“We wanted to raise the bar for coworking in Rochester,” Evan Gallina, manager at Gallina Development, said. “Serendipity Labs offers a move-in ready, class-A flexible workplace, with a level of service that rivals five-star hotels. Rochester has a highly educated, world-class workforce that can benefit from shared offices of this caliber.”

Serendipity Labs has a similar location in Buffalo. The company moved into space on the 29th floor of Seneca One in February 2021. The COVID-19 pandemic did slow growth to other markets, but it also created more clients.

The fluidity of the pandemic — with new strains of the virus curtailing back-to-office plans on several occasions — has led to the realization for some firms that traditional office space will never be the same.

“The latent demand has grown among large companies that were on the sideline waiting for a healthy workplace environment to bring employees back to,” Arenas said.

“Flexibility is the cure for uncertainty. If there’s going to be perpetual uncertainty, the way to deal with that is not with a 10-year lease and long-term commitments but with agility and flexibility.”

Arenas said several Fortune 500 companies, including Oracle, Amazon, Verizon, Anthem Health, Netflix and American Express, have space in various locations.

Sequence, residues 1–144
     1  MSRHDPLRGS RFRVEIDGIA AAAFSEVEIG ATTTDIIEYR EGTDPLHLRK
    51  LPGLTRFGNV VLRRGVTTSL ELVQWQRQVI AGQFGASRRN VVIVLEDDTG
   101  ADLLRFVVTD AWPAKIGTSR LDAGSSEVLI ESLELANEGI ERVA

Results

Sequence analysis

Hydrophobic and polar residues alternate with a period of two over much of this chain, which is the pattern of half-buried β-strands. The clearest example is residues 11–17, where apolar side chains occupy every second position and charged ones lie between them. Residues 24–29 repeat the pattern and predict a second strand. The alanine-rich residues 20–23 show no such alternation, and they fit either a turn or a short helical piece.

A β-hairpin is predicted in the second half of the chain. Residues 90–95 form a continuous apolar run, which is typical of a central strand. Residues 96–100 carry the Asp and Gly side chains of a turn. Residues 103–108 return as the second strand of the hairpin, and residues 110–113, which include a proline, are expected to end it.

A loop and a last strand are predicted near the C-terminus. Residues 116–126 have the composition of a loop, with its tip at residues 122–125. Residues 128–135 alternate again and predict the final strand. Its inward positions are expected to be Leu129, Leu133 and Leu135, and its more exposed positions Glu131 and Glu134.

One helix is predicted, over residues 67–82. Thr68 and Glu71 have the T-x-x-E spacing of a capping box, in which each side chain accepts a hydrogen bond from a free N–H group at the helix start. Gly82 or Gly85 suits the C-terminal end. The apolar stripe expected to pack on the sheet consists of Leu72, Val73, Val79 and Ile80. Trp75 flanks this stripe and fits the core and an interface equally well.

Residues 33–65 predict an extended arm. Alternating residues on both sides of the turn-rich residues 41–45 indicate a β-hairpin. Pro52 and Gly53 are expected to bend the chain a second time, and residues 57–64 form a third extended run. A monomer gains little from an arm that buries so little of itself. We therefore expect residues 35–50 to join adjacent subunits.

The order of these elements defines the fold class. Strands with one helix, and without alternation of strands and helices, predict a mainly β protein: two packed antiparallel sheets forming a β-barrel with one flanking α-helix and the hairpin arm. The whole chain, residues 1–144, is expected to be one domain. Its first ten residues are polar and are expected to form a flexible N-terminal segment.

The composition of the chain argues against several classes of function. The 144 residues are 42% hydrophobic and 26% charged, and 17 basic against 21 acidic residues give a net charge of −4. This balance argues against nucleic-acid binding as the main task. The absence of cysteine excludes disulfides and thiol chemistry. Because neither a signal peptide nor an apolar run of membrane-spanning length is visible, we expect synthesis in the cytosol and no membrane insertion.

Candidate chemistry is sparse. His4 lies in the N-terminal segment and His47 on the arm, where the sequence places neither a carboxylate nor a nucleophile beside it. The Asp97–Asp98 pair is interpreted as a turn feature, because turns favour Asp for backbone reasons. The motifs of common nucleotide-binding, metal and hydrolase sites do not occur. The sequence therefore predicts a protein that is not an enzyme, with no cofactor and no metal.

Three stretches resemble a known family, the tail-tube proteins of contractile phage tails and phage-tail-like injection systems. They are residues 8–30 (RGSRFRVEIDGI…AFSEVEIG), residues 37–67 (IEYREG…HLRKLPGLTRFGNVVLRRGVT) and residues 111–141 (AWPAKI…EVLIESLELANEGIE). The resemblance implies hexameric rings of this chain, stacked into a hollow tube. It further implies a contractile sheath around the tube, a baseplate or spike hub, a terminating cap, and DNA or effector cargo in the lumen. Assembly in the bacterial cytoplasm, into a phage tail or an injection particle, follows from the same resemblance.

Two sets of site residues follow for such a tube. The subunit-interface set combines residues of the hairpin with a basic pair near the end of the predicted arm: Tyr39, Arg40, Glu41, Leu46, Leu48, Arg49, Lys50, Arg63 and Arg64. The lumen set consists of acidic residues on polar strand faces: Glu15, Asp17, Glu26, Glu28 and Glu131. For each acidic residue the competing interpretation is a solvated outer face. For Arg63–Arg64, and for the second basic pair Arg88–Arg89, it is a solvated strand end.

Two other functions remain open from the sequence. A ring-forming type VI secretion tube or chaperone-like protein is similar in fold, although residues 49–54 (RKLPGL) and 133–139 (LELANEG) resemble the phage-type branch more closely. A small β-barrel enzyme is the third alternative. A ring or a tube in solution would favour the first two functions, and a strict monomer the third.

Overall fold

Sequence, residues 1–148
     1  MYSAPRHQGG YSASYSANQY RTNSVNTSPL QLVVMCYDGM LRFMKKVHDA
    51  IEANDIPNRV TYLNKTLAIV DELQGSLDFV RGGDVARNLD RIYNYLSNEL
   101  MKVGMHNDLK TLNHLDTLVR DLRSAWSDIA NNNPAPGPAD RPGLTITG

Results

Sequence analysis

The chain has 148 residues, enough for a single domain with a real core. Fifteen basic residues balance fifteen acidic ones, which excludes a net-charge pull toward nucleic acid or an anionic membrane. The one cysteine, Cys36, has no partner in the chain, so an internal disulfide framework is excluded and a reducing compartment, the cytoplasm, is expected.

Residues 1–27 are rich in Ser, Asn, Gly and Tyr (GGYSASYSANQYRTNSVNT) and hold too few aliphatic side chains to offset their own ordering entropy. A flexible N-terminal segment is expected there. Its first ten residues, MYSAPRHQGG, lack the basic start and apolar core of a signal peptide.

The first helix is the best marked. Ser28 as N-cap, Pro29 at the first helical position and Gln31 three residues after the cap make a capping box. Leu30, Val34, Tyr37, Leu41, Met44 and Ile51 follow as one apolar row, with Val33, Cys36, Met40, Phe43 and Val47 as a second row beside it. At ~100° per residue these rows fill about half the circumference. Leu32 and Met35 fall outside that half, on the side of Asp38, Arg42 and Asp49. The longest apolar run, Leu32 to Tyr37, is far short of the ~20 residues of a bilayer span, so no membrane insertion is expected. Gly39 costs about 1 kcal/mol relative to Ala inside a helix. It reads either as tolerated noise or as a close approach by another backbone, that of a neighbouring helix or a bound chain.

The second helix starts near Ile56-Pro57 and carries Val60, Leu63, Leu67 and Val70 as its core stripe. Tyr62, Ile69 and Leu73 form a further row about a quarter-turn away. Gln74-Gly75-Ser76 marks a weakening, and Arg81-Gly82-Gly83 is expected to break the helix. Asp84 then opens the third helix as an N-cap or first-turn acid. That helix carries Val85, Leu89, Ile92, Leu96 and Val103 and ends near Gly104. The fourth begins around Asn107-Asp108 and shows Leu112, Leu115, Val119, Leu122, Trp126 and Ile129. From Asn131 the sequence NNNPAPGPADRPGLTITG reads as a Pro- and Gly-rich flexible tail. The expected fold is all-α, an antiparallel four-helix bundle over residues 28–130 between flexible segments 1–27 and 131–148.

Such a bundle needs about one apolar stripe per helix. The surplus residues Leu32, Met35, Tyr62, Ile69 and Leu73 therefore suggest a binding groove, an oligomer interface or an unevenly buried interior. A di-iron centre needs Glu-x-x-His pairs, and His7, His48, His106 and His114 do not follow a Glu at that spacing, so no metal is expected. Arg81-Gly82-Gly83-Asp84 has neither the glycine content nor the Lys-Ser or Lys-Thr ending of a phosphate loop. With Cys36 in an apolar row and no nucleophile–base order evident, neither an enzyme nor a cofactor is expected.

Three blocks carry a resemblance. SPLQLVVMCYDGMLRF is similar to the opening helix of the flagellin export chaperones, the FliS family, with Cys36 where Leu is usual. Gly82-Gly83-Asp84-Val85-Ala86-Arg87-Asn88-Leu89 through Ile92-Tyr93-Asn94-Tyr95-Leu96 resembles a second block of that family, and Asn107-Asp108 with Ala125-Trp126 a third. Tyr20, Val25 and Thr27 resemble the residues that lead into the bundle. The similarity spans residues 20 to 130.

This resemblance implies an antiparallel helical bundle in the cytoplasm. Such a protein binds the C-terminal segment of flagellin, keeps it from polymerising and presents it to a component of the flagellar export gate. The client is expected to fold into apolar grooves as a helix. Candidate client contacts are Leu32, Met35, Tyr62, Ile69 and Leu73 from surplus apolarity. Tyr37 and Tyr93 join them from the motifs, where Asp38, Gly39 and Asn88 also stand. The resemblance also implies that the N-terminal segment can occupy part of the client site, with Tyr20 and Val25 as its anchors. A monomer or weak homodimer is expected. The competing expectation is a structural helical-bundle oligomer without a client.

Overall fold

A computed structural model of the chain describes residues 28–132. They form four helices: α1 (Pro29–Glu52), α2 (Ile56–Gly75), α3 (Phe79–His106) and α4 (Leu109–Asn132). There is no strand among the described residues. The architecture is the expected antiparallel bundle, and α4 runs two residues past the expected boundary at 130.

“Anthem Health, American Express, Amazon, they have regulatory standards for operating a workplace,” Arenas said. “For a health care company like Anthem, it’s HIIPA compliance, technology security, business process; but it’s also down to visual and auditory privacy, as well as how secure the printing is. Those things allow them to be in our facility.

“FINRA is a financial services standard. How the ethernet is connected, is it in conduit? All of these things could be shortcuts if you’re just a regional operator. But having a security certification down to the infrastructure level of your technology platform is critical. It is a cloud, but there’s a server somewhere. All of those things matter to these companies.”

The worker experience is just as important, he said.

“For the members themselves, our goal is to make them feel welcomed, valued and able to trust us with their daily life,” Arenas said. “And that also includes inspiring them with activities and events and programming, and also the way we manage the facility with respect to how they want their workplace run.”

He said Serendipity Labs doesn’t consider themselves part of the real estate sector but rather the hospitality industry.

“It’s easy to say hospitality, but to deliver on it, you really need a staffing ratio and staffing from the hospitality industry,” he said. “It’s not property management. Let’s just say there’s a high bar and we try to live up to it, that when you arrive as a member or guest, you feel valued.

“It’s about anticipating needs, surprising and delighting, exceeding expectations. Those things are not about the coffee that you’re serving, it’s about how you serve the coffee.”